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What explains Pew poll’s partisan gap in support for Israel?

An Israel Defense Forces tank crosses through a field near the border with Gaza in southern Israel on July 21, 2014, two weeks into “Operation Protective Edge.” Photo by Yonatan Sindel/Flash90.
An Israel Defense Forces tank crosses through a field near the border with Gaza in southern Israel on July 21, 2014, two weeks into “Operation Protective Edge.” Photo by Yonatan Sindel/Flash90.

By Dmitriy Shapiro/ Jewish Week

A new Pew Research Center poll showing Republicans as more sympathetic to Israel than Democrats has left Jewish Democratic leaders searching for an explanation of the partisan gap.

Conducted from July 8-14, the week Israel began its air operation against Hamas in the Gaza Strip but before its ground invasion, the poll asked 1,805 respondents, “In the dispute between Israel and the Palestinians, which side to you sympathize with more—Israel or the Palestinians?” Possible answers were: Israel, Palestinians, both, neither, don’t know or refused to answer.

Seventy-three percent of Republican respondents said they sympathize with Israel in the conflict, compared to 44 percent of Democrats. The results mark a change from the same question in an April poll in which 68 percent of Republicans sympathized with Israel and 46 percent of Democrats did.

“For years, public opinion polls have documented the large gap in support for Israel between Republicans and Democrats, with Republicans being far more supportive of Israel,” Matt Brooks, executive director of the Republican Jewish Committee, said in a statement July 15.

A closer look at the new poll reveals further divides. Respondents considering themselves conservative Republicans supported Israel by 77 percent, compared to 68 percent of moderate Republicans. Among Democrats, 48 percent of moderate Democrats supported Israel, compared to 39 percent of liberal Democrats.

Brooks called the poll results, coming during a time of war, “a sad and sobering confirmation of the Democrat Party’s shift over time away from support of Israel, especially at its grassroots [level].”

“If support for Israel ceases to be bipartisan, the U.S.-Israel relationship—which is of so much benefit to both countries—will suffer,” he said.

Some Democratic supporters of Israel suggest that the poll’s question skewed the answers. U.S. Rep. Brad Sherman (D-Calif.), who is Jewish and one of the strongest pro-Israel voices in the House of Representatives, questioned the use of the word “sympathize.”

“The word sympathy tends to ask, ‘Who do you think is downtrodden and having a difficult life?’” Sherman told “Look, the average Israeli lives a pretty good life [compared to] our image of the average Palestinian.”

U.S. Rep. Henry Waxman (D-Calif.) said some Democrats are siding against Israel for well-meaning, but ill-informed, reasons.

“I think people on the left side of the political spectrum are moved by the sight of innocent civilians getting killed and injured,” said Waxman. “More of that has happened on the Palestinian side and [voters are] seeing people that were not combatants” being injured or killed, he said, adding that such observers of the Israeli-Palestinian conflict “may not have the perspective that Israel cannot tolerate a constant bombardment that is coming in from Gaza and [the Israelis] have no other choice than to hit back.”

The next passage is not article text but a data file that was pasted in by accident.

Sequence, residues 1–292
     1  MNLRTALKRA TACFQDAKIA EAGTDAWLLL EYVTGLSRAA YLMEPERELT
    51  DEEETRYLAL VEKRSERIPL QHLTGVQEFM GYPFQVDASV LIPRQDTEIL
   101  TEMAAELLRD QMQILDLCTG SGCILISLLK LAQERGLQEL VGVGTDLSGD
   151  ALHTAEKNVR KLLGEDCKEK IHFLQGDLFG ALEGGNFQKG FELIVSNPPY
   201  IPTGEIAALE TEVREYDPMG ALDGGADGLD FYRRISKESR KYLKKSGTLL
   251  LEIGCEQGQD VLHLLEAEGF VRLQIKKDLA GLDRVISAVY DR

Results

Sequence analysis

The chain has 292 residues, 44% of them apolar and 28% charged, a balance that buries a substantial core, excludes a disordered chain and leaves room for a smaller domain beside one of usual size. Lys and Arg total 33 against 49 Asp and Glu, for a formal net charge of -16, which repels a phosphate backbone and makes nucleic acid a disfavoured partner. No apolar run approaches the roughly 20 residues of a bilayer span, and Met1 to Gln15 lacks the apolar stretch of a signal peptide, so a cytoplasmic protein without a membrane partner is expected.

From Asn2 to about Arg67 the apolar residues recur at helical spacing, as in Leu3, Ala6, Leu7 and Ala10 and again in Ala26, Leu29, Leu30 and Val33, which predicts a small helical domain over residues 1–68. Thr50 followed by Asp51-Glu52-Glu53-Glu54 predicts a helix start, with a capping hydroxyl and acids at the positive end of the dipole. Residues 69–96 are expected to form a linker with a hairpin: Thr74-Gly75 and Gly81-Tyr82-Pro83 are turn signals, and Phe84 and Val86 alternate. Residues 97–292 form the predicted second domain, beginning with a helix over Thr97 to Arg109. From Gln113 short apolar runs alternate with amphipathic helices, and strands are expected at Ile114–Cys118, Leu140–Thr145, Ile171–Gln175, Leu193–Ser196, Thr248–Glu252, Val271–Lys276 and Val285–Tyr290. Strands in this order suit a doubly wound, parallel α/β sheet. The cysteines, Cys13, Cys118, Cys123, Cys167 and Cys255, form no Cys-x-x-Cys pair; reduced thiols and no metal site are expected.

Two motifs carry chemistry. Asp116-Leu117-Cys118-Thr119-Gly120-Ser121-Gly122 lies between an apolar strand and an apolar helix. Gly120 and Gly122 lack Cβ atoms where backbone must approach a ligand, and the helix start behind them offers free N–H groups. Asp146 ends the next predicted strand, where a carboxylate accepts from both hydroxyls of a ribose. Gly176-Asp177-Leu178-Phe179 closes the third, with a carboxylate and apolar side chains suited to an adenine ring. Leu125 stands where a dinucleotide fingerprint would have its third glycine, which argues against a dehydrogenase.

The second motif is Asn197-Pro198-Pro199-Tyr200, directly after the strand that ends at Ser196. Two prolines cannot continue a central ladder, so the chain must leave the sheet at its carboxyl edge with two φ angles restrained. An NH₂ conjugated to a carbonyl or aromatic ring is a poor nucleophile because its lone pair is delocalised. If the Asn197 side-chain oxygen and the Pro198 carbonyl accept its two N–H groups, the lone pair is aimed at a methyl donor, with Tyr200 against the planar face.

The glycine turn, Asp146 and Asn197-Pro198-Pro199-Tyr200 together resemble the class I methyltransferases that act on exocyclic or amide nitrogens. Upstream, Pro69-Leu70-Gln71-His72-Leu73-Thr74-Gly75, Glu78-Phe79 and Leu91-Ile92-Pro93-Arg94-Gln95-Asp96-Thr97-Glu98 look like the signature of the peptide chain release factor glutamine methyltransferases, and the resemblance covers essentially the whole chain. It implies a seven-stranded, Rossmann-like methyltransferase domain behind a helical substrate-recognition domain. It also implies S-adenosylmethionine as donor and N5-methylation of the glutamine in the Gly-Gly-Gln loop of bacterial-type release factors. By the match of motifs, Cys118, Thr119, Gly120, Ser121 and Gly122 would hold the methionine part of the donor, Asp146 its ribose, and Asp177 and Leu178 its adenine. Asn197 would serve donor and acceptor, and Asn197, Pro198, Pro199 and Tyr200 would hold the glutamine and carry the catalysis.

Waxman added that the opinions reflected in the poll numbers are not shared by his colleagues on both sides of the aisle, who consistently and, usually unanimously, pass bills and resolutions in support of Israel.

Sherman said that contrary to the poll results, threats to support for Israel come from both right and left.

“You have on the Republican side the Rand Paul isolationists, who are probably the greatest threat as a practical matter to U.S. support for Israel. … And you have on the left, and have always had on the left, people who are misguided because they want to support the underdog and they think that because the average Israeli is richer than the average Palestinian, and because Israel is the most powerful military west of the Jordan,” they need to sympathize with the Palestinians, explained Sherman.

Another problem, according to Sherman, is what he calls the “Kent State Rorschach test.” The shooting of students protesting U.S. involvement in the Vietnam War by the Ohio National Guard in 1970 at Ohio’s Kent State University was a defining moment for many liberals, he said.

“There are some liberals who don’t bother to figure out who’s right or wrong in any conflict. They just root for the scruffy-looking students and root against the uniformed military, because they see everything as a Rorschach test reminding them of Kent State,” said Sherman. “These are folks [for whom] you could show them any inkblot and they would see an anti-war confrontation at Kent State University, and you root against whoever is wearing military uniforms and vote in favor of whoever is scruffy and has rocks. Those problems afflict a few liberals in this country.”

According to Sherman, voters lacking information could easily jump to conclusions based on their bias.

“When I see a bar fight, I don’t bother to figure out who’s right and who’s wrong,” joked Sherman, who is bald. “I just root for the bald guy.”

But Rabbi Jack Moline, executive director of the National Jewish Democratic Council, said that in a time of crisis, it’s more important to highlight Jewish unity than discord.

“I think that talking about polls and policies now, in the midst of a crisis, is a misdirection of energy,” he said.

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